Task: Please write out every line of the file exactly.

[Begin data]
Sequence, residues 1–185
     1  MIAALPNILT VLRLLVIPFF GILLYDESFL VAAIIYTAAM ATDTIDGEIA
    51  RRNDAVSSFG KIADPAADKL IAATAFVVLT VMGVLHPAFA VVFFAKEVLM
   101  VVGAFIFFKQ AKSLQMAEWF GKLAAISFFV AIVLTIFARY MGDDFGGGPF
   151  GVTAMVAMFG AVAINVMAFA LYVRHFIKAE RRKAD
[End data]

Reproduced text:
Sequence, residues 1–185
     1  MIAALPNILT VLRLLVIPFF GILLYDESFL VAAIIYTAAM ATDTIDGEIA
    51  RRNDAVSSFG KIADPAADKL IAATAFVVLT VMGVLHPAFA VVFFAKEVLM
   101  VVGAFIFFKQ AKSLQMAEWF GKLAAISFFV AIVLTIFARY MGDDFGGGPF
   151  GVTAMVAMFG AVAINVMAFA LYVRHFIKAE RRKAD